Tyson’s a beautiful big black lab with kind eyes and is very good at his job. Kids will greet him in the morning with a pat or smile. My 5 year old daughter,the NinjaBaby, who almost meets eye to eye with Tyson will often run her hand gently over his coat on her way to class. Children are even allowed to go to the front or guidance councilor’s office to get some time with him, if they’re having a tough day. He even seems to seek certain children out, like he knows they need him, or maybe they have bacon in their pockets idk. Regardless he’s a valued member of the school’s faculty/family.
I say all this because, I didn’t always feel that way. I have allergies to pet dander and my initial thoughts were of if the NinjaBaby was going to be coming home with dog hair all over her uniform everyday. And how much more washing I’d have to do. She LOVES animals and often asks if we can get a dog, cat, or bunny.
People often assume because I have allergies to dogs and cats I don’t like them. Which couldn’t be further from the truth. I love animals, and when I was younger I had cats and dogs. But, we lived out in the country so they were all outside pets and it would take a lot for me to have a reaction. Now it only takes one animal to make that familiar nose tickle start, that spreads to itchy eyes and throat.
When the administration first introduced Tyson in their monthly news letter I assumed he would be consigned to a certain area, or a handler would take him around to classrooms periodically. The school was very considerate and called parents to ask if their child(ren) were either afraid, allergic, or had some other aversion to dogs. I did explain that my daughter should be instructed/allowed to wash her hands thoroughly if she had a session with him. You can imagine how surprised I was when I walked into the school and there he was with free reign.
Over the next few months I would avoid any direct contact with Tyson, worried that my allergy medicine wouldn’t hold up. I’d casually ask my daughter when I picked her up from school if she “played” with him. If “yes”, then once we got home I’d put her uniform in the wash right away.
After awhile I noticed Tyson gravitated to me, he would just stand next to me. As if he were waiting, I usually would just give him a smile and be on my way or ignore him completely.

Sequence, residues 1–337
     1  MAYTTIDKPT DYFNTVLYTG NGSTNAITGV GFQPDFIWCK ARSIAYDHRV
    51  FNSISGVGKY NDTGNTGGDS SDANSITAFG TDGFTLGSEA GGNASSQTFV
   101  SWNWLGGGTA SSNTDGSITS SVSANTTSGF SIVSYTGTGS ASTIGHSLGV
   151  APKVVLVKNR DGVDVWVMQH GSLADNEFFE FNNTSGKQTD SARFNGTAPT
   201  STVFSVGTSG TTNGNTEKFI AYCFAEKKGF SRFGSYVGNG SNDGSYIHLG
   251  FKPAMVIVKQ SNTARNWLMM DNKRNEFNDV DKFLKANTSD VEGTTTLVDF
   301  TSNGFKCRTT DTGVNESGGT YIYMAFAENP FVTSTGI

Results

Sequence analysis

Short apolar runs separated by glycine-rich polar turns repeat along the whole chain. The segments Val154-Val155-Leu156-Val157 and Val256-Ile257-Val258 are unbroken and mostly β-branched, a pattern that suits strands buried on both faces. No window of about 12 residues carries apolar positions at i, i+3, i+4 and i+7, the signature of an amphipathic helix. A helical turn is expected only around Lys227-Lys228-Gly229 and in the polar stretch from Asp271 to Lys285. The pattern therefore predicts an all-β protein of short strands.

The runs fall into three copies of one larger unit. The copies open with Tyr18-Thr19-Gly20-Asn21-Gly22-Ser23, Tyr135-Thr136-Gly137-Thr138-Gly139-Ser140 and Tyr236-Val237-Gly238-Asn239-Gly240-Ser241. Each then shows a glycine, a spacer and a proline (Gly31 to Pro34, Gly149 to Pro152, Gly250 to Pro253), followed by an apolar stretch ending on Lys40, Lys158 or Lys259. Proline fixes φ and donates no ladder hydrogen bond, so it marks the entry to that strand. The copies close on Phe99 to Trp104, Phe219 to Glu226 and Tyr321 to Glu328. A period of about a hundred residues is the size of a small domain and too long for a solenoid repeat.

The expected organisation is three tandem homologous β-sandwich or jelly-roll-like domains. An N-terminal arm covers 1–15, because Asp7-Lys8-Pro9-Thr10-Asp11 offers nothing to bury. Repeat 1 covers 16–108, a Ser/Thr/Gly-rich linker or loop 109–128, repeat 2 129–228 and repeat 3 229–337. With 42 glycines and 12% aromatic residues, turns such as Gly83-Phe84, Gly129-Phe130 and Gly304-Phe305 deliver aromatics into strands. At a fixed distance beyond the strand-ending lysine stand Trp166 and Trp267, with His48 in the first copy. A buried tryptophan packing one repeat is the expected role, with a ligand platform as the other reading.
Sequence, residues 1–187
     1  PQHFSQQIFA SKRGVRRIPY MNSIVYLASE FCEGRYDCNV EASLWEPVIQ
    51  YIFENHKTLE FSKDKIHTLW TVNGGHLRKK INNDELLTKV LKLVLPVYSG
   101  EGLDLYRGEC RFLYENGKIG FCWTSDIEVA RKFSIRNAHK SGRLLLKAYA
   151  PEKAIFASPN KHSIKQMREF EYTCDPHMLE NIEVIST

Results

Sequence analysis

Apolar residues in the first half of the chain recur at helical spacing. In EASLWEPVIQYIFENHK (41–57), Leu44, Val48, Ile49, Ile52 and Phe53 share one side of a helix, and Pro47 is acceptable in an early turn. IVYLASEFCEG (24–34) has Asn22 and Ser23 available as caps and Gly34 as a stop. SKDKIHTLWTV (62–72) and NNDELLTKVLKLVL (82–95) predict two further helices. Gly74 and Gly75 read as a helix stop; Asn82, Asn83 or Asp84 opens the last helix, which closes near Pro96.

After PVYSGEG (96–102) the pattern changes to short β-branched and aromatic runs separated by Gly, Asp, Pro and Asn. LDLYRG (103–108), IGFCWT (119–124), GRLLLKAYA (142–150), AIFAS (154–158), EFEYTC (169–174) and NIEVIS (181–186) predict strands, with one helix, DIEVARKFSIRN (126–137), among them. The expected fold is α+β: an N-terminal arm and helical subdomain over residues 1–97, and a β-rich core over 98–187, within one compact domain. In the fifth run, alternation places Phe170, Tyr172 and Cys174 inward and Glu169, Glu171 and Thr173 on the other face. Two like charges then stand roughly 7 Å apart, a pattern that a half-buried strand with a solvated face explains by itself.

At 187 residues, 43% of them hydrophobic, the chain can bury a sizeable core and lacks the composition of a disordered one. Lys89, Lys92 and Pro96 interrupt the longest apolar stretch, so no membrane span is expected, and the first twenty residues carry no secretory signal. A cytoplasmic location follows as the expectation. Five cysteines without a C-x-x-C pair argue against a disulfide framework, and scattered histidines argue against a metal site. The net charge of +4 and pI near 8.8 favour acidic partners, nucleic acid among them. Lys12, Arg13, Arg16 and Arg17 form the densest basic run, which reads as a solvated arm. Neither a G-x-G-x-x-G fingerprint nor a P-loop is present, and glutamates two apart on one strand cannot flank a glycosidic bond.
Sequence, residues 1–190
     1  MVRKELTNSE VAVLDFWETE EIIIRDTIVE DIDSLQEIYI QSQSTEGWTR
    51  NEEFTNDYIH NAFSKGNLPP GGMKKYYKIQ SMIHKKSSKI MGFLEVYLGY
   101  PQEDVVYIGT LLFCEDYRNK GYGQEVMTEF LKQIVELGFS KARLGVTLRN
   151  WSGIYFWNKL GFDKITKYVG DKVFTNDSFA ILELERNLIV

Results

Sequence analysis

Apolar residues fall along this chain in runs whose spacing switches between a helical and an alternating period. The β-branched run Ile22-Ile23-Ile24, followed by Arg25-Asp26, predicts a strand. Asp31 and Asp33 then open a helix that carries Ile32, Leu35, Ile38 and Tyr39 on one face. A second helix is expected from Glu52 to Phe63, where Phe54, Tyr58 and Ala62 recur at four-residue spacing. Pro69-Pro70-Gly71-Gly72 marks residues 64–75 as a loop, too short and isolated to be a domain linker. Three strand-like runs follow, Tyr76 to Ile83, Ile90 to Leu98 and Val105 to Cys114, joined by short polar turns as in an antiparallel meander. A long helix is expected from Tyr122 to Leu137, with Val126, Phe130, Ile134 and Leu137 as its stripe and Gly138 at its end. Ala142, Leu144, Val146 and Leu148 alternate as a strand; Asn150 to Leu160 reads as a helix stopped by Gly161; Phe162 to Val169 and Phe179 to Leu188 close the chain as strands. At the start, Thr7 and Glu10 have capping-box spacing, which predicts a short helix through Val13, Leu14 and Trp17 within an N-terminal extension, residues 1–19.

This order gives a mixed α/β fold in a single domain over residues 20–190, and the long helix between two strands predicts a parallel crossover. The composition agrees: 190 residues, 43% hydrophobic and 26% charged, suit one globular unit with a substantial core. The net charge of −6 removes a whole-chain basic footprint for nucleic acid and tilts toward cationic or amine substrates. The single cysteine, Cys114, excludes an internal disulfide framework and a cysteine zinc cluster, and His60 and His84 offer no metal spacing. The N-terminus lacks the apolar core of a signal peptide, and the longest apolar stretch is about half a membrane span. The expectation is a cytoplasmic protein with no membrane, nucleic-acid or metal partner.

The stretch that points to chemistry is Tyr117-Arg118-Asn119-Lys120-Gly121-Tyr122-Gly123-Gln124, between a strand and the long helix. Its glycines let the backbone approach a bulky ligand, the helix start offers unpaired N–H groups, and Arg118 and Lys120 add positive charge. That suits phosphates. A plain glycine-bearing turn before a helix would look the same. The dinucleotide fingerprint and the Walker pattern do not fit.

I suffer from anxiety and depression. I don’t think I ever wrote about it on this blog before. I neither hide nor broadcast it. But as an African American Muslim, I know I belong to two demographics who still have a lot of stigmas about mental illness. And I try to educate people when and where I can.
Today, unfortunately I’m having a pretty bad bout with it. So, when I dropped my daughter off at school I finally took Tyson up on his offering. I just held my hand out next to me and the next thing I knew, there he was. I started petting him and I could feel a little of my anxiety leaving. I stood there petting Tyson until I felt the tickle in my nose.
Having my moment with Tyson, once again got me thinking about the state of mental health for Blacks and Muslims.
According to Mental Health America, Black adults are 20% more likely to experience mental health issues than other Americans. Yet, because of long held stigmas many adults don’t seek treatment or help.
The same can be said of the Muslim American community where there is even less data because of vast socio-cultural differences, according to the Islamic Medical Association of North America.
I don’t have all the answers. I’m just a Black Muslim Woman, living with depression, trying to make it each day. What I do know is that I’ve seen what the stigma of mental illness can do to harm black people and Muslims. It has to stop. People need help and they shouldn’t be judged or chastised for seeking it with reliable sources such as; therapy, therapy animals, or medication. In addition to being religious people.